Thanks to Graz Bike Polo out of Austria, the North American Hardcourt Bike Polo Association ruleset version 4.3 is now available auf Deutsche! We are very excited to see this happen and hope that it is able to translated into more languages soon. You can find the Deutsche/German version HERE!
We love seeing new hardcourt bike polo products pop up in various places in the world. The most recent product to come to our attention is this brand new rotor guard called the Cage. Forged in Hungary, these things look as magical as Harry Houdini. You can find more information on the Cage over on their Facebook Page!
Check out this video of the championship match from the Hell’s Belles Vol. 4 bike polo tournament hosted by the Geneva Bike Polo club this past summer. In the video you’ll see Fluffy Riot (green) face off against Sisters (yellow). Enjoy!
Blocking shots (and even, I’d contend, blocking passes) is an important but often not discussed topic. I mean, fundamentally it’s not hard to do: get your wheel or mallet or body in the way of the ball. Sure, that’s easy enough.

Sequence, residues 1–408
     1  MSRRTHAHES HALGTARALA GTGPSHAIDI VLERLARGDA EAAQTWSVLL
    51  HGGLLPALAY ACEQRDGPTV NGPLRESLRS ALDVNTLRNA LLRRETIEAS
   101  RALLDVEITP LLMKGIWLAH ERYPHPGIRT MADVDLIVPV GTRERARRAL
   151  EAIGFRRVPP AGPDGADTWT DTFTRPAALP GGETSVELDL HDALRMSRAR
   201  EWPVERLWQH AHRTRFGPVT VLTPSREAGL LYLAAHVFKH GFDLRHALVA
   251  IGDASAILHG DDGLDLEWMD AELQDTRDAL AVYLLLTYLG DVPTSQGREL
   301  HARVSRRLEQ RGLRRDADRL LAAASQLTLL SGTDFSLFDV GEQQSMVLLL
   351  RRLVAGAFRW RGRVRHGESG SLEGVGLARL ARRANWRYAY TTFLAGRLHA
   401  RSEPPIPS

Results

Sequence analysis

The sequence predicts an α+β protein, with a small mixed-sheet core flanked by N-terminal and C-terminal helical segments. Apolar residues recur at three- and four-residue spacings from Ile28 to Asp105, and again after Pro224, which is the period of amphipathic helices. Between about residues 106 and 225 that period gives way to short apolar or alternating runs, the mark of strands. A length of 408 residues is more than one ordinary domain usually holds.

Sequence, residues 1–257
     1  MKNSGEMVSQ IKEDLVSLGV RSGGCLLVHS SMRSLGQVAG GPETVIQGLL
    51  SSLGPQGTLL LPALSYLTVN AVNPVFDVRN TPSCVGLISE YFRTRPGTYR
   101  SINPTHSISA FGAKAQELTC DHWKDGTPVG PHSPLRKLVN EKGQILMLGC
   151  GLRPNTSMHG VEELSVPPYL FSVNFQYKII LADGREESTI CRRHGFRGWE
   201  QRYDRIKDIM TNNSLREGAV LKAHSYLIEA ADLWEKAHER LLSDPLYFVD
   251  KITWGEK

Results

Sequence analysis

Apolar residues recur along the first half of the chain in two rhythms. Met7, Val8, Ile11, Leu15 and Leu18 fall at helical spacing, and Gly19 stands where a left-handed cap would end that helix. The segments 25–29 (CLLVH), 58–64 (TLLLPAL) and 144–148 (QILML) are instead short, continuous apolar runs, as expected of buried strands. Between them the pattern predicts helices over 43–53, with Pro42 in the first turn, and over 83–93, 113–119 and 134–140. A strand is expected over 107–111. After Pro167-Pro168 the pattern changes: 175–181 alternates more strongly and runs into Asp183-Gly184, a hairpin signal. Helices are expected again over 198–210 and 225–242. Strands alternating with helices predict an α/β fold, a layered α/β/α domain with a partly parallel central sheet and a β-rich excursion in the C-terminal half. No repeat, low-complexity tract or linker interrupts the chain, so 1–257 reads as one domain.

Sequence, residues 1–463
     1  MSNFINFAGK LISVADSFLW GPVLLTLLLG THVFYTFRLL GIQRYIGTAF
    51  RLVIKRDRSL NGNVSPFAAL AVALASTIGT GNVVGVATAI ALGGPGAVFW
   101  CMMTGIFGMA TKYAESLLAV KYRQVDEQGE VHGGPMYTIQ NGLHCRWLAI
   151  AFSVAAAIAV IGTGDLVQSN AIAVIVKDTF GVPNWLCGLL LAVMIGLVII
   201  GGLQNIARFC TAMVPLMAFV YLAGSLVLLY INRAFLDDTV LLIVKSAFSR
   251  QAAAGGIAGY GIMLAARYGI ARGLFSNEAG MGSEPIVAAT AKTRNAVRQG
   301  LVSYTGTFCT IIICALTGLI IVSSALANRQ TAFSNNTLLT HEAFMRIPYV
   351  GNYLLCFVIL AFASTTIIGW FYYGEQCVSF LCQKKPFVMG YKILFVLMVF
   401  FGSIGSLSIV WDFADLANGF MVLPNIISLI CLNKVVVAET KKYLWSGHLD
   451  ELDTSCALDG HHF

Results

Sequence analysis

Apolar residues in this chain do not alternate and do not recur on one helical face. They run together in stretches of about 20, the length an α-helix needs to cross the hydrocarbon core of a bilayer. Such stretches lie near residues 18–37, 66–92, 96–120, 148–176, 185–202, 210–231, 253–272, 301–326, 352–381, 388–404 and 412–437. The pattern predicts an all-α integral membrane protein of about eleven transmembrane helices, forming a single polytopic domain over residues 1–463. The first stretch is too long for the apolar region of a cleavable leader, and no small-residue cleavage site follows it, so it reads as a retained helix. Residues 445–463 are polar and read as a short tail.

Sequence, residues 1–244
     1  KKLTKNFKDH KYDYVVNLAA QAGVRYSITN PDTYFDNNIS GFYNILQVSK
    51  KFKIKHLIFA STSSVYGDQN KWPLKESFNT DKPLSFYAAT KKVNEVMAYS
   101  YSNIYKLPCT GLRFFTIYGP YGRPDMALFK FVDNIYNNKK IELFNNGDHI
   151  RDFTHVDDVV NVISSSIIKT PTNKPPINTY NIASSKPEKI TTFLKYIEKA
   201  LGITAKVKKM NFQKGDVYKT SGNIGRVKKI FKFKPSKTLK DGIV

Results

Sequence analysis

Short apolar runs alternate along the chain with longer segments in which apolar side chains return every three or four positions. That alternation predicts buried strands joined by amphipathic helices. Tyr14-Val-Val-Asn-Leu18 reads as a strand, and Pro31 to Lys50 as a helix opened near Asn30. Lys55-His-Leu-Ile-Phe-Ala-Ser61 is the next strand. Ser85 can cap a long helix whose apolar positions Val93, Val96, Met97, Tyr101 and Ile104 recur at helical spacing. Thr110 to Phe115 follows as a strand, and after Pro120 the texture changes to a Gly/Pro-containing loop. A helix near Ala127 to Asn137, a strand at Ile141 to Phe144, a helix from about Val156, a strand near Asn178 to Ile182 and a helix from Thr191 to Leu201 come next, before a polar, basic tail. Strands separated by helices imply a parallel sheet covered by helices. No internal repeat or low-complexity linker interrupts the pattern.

But I don’t think the conversation ends there. It doesn’t go much further, but there are some considerations I think you should be making when blocking a shot.
No no, I’m not saying that you should be choosing between blocking or letting the ball go into the net. Stop being so dense. Sheesh. What I’m saying is that you should consider what happens after that ball is blocked.
For instance: after you block a shot with your wheel, are you thinking about where it’s going to bounce off to? are you considering whether your players are the most likely to get the ball on the rebound?
If you’re not, you might want to. Blocking the ball is a great thing, but blocking the ball and setting up a good play at the same time is pro level status, friend.
Try, immediately after blocking the ball, to capture it with your mallet (by stopping the deflection). Try, basically, to steal the ball from play, not just interrupt the play. This takes practice and a certain amount of luck, but it’ll put you well ahead of players who just put themselves in front of the ball without doing much else.